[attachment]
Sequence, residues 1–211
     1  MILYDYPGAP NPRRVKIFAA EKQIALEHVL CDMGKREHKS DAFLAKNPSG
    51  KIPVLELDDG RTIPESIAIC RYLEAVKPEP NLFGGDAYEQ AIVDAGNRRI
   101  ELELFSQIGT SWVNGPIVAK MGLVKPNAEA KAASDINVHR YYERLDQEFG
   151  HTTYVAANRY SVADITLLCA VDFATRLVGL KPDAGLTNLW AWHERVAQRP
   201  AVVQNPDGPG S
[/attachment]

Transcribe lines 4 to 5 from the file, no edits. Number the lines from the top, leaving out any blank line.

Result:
   101  ELELFSQIGT SWVNGPIVAK MGLVKPNAEA KAASDINVHR YYERLDQEFG
   151  HTTYVAANRY SVADITLLCA VDFATRLVGL KPDAGLTNLW AWHERVAQRP